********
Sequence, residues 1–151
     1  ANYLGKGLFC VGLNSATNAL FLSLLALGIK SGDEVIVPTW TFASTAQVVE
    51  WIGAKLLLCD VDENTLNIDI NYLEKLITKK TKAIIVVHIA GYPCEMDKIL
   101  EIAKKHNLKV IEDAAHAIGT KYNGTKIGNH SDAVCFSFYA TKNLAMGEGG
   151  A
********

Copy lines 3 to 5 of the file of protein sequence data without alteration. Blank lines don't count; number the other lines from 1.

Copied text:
    51  WIGAKLLLCD VDENTLNIDI NYLEKLITKK TKAIIVVHIA GYPCEMDKIL
   101  EIAKKHNLKV IEDAAHAIGT KYNGTKIGNH SDAVCFSFYA TKNLAMGEGG
   151  A